Introduction: BGP Feature
 An important feature: BGP allows
each AS to define its own routing
policy...
But how does BGP support different policies?
Introduction: BGP Router Organization

Three tables and two filters
best route to each destination
Only send to some
(not all) destination
BGP RIB
All acceptable routes
Receive
routes from
neighbors
Import
Filter
Import Policy
Determines which BGP Msgs
are acceptable from neighbors.
(maybe assign local-pref to each
route)
BGP decision process
selects the best route
towards each destination
1.Prefer routes with highest
local-pref
2. shortest ASPath
3. with the lowest ORIGIN
attribute
3. smallest MED
4.Prefer routes learned via
eBGP over via iBGP
5. closest next-hop
6. learned from router with
lowest router id
Export
Filter
Export Policy
Introduction: BGP Feature
 Why BGP want to support different routing
policies?
It is because BGP is a routing protocol between ASes. Different ASes
have different commercial interests. The routing policy is
constrained by commercial agreements.
AS1 should announce AS2 the route
to other ASes
AS3
AS1
AS2
Provider
Customer
AS2 can choose to not announce
AS1 the route to AS3
Summary: Introduction to BGP
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Routing in Internet
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Intradomain vs. Interdomain
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eBGP vs. iBGP
AS vs. Domain
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TCP
Distance Vector
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Five types of Msgs
Some Fields (attribute)
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Support Different Routing Policy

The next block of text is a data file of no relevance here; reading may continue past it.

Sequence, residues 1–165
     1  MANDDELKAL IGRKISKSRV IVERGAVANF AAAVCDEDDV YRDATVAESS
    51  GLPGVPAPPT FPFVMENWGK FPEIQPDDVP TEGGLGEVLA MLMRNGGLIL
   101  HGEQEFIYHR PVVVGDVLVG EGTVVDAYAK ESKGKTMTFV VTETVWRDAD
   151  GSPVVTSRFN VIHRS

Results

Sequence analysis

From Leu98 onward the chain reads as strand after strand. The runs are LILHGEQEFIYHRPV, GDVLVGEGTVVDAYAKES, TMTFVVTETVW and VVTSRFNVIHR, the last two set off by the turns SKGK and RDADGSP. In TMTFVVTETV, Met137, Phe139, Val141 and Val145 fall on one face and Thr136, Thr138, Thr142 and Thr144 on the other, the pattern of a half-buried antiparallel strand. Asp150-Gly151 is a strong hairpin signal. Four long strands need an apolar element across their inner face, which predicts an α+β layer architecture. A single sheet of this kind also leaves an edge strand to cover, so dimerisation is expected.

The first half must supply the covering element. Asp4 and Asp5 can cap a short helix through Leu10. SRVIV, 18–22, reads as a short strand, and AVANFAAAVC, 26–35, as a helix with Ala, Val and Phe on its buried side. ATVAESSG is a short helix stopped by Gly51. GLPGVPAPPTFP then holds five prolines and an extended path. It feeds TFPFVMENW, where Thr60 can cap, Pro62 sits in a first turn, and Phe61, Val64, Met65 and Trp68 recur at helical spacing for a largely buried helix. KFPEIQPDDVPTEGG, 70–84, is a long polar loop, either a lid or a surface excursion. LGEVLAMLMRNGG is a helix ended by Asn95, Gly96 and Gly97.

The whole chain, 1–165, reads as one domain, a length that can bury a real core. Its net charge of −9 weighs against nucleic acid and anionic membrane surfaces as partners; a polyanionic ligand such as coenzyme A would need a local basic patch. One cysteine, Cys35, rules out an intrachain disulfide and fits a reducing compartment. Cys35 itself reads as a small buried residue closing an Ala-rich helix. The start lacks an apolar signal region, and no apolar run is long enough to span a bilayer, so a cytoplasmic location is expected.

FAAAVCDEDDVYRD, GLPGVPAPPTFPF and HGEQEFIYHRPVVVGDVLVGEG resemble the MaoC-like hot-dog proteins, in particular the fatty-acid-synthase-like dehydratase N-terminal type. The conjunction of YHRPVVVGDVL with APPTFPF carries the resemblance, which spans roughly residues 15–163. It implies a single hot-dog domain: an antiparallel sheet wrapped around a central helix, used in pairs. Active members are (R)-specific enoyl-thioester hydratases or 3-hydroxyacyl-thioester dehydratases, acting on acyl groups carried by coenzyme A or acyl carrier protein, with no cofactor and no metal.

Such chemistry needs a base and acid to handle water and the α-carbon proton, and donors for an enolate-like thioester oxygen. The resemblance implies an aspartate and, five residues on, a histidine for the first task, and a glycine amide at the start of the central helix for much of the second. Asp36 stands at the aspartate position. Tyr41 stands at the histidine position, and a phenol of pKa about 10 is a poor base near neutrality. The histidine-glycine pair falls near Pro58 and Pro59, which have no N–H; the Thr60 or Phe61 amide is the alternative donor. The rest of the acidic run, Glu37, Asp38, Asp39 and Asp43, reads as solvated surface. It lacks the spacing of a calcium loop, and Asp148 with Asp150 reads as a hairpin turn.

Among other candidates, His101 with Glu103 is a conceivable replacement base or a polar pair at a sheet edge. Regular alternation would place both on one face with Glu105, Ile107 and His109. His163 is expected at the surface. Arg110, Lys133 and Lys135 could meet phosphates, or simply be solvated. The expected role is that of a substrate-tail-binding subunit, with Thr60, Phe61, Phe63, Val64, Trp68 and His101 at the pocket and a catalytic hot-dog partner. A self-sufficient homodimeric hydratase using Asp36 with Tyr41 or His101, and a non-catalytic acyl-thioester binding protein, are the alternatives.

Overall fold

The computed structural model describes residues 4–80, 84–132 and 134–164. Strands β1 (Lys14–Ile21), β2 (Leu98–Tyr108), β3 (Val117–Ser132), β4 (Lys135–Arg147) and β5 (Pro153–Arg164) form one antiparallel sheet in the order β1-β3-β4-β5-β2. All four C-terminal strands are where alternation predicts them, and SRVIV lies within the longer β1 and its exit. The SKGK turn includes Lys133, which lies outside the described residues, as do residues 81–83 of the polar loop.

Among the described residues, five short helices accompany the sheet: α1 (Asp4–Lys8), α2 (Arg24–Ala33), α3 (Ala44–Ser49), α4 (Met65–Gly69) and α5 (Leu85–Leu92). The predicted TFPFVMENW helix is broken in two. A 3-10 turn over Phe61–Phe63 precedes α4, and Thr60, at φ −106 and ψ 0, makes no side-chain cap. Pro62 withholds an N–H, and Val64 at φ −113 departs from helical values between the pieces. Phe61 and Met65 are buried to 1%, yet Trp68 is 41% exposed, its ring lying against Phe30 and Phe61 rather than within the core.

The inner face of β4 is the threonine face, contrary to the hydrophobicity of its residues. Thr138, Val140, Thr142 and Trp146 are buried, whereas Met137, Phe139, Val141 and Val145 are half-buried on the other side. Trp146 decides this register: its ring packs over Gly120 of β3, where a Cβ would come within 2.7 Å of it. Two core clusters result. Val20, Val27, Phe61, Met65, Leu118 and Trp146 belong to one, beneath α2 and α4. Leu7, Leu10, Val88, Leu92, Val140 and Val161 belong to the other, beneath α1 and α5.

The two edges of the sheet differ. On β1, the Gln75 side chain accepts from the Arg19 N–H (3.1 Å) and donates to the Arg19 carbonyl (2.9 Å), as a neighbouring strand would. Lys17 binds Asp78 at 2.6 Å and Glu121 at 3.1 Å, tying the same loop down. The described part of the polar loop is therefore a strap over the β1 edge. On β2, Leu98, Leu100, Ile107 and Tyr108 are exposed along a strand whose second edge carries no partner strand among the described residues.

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Three Tables
BGP Basics
BGP Principle
BGP Message
BGP Feature
BGP Router Organization
 I mentioned that BGP want to support
different routing policies because
there are different agreements
between two ASes. Now:
How the agreements (AS relationship)
affect the routing policy?
Outline
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Introduction to Routing and BGP
AS Relationship and Routing Policy
Inbound Traffic Engineering and ASPP
ASPP at Different Level (my work)
Instability of BGP ASPP (my work)
Future Work
Conclusion
AS Relationship:
 Agreement = Relationship
 In practice: Classify AS relationship into
 Provider to Customer
 Peer to Peer
 Provider to Customer: Customer c buys
Internet connectivity from provider P.
 Peer to Peer: AS x and y agree to
exchange traffic between their customers
free of charge.
Routing Policy
 Two kinds of Routing Policy
 Export Routing Policy vs. Import Routing Policy
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Import filter
-Specifies which routes can be accepted by the router among all
the received routes from a given neighbor
Export filter
-Specifies which routes can be advertised by the router to a given
neighbor
Export Routing Policy
 It is a conclusion from real world
 An AS does not provide transit service
between its providers and peers.
AS1
AS2
AS4
customer
AS3
Consider:
AS u
AS v is provider(u) or peer(u)
For each best route r of u
If first(r.as_path) is provider(u) or peer(u)
Then: export(v,u)[{r}] = {};
It’s Selective Export Rule!
Export Routing Policy

It has import influence on Routing Table Entry Pattern
Look at some AS Paths in routes of a Routing Table
AS2
AS4
AS1
AS2
AS2
AS3
AS1
AS1
AS3
AS3
AS1,AS2,AS3,AS4
AS1,AS2,AS3
It will not appear in BGP routing table!
AS1,AS2,AS3
This one is OK!
Export Routing Policy
 All AS Path should be Valley Free
 After traversing a provider to customer edge
or a peer to peer edge, the AS Path can not